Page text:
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Why Subscribe to a Community-Supported Agriculture (CSA) Program?

Subscribing to your local Community-Supported Agriculture program is a great way of enjoying locally grown seasonable fruits and vegetables while supporting small farms.

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by Katharine Hansen, Ph.D.

Films like Food, Inc., books like Michael Pollan's Omnivore's Dilemma, and TV shows like "Jamie Oliver's Food Revolution" have influenced Americans about the desirability of eating seasonal, locally grown food. Some folks are growing their own food, while others are frequenting farmer's markets. Still others, like my husband and me, are subscribing to Community-Supported Agriculture (CSA) programs.

The U.S. Department of Agriculture defines CSAs as follows:
CSA consists of a community of individuals who pledge support to a farm operation so that the farmland becomes, either legally or spiritually, the community's farm, with the growers and consumers providing mutual support and sharing the risks and benefits of food production. Typically, members or "share-holders" of the farm or garden pledge in advance to cover the anticipated costs of the farm operation and farmer's salary. In return, they receive shares in the farm's bounty throughout the growing season, as well as satisfaction gained from reconnecting to the land and participating directly in food production. Members also share in the risks of farming, including poor harvests due to unfavorable weather or pests. By direct sales to community members, who have provided the farmer with working capital in advance, growers receive better prices for their crops, gain some financial security, and are relieved of much of the burden of marketing.

LocalHarvest, a site with a search engine that enables prospective subscribers to locate CSAs in their area, notes that, while the government does not track the number of CSAs, LocalHarvest has more than 2,500 CSA farms listed in its grassroots database.

Last year, we subscribed to the Stevens County (WA) CSA for half a season, and this year, we're signed up for the full June through October subscription. We loved the experience and wanted to talk to both CSA organizers and subscribers to learn what they felt were the benefits of subscribing (I also asked about the downsides and cautionary notes, which I've covered in the companion article, 14 Points to Keep in Mind if You're Considering Subscribing to a Community-Supported Agriculture (CSA) Program ). Here's what they said about the advantages:

CSA subscribers contribute to supporting and preserving small and family farms. The CSA organizers I talked to made it fairly clear that no one is getting rich from CSAs, but the programs provide a means for small farmers to attain working capital upfront and a way for subscribers to stimulate the local economy. A CSA program, observes Kate Zurschmeide of Great Country Farms in Bluemont, VA, "is a wonderful way to ensure cashflow and is part of a larger picture of farmer's markets and buying local trends that will keep the family farm sustained."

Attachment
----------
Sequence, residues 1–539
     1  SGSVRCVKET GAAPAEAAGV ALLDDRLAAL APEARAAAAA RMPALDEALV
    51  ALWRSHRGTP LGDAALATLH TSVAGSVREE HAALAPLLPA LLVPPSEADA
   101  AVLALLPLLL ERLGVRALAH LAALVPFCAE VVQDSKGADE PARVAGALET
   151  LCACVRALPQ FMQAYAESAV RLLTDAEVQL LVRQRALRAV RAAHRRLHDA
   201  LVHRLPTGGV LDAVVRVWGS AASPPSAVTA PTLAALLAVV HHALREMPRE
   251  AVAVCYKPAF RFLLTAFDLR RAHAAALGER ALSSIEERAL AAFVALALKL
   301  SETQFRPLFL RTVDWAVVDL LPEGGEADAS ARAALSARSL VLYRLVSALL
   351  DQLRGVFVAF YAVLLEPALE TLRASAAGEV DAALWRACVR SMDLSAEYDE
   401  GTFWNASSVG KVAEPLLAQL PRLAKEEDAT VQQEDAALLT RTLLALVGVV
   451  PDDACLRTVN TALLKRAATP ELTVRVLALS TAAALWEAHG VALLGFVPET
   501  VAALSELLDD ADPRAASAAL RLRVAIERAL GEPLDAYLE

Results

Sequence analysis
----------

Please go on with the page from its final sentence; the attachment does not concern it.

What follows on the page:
Randall Hansen, PhD, with our first CSA box But, notes Stevens County CSA Program Coordinator Jamie Henneman, "none of our farms could be supported solely by a CSA program. Everyone has to pursue other markets as well. For young farmers with the high overhead of land, feed, equipment and other costs, this creates an almost impossible financial situation."

Adds Tracie Smith of Tracie's Community Farm in Fitzwilliam, NH: "I still find that I'm working a lot of hours for not much money and not being able to pay my employees enough due to the true cost of growing food. As a CSA trying to stay in business, we don't charge enough to stay competitive with the large scale, mechanized commercial farms. If we want [small farms] to sustain into the future, we need to pay enough to keep the farm going financially."

CSAs alone probably won't save small and family farms, but "they are one giant step small farms can take to get good prices for their produce," says Sandra Marquardt, who coordinates the CSA drop to her community through Calvert Farm in Cecil County, MD.

CSA subscribers become more connected to their communities. Belonging to a CSA is a great way to meet others interested in buying and eating local, seasonal produce -- as well as a way to get to know the farmers who actually grow the food. As Smith notes, the connection advantage is especially relevant in rural areas "where everyone is so spread out." She points to the greater sense of community that CSA subscribers often experience.

CSA subscribers consume food in season. The huge variety of produce available in supermarkets year-round has made consumers forget that fruits and vegetables have seasons. Consumers who prefer to eat fresh, just-picked local produce in season rather than food from, say, South America that is out of season in North America and has to be transported, will benefit from a CSA subscription. "I find myself floored when I'm at the market and see produce that's not in season," comments Amy Potthast, who subscribes to Pumpkin Ridge Gardens North Plains, OR, "then I remember how things get trucked in from all ends of the earth."

"Eating with the harvest is hard for an American from the suburbs," notes Liz Sumner, a six-year subscriber to Smith's CSA. "It's hard to imagine how our ancestors ate only what was in season."

CSA subscribers reduce their carbon footprint and often support humane treatment of animals. By consuming local produce, subscribers aren't supporting a food system that requires huge quantities of fuel to transport fruits and vegetables to market, resulting in carbon emissions.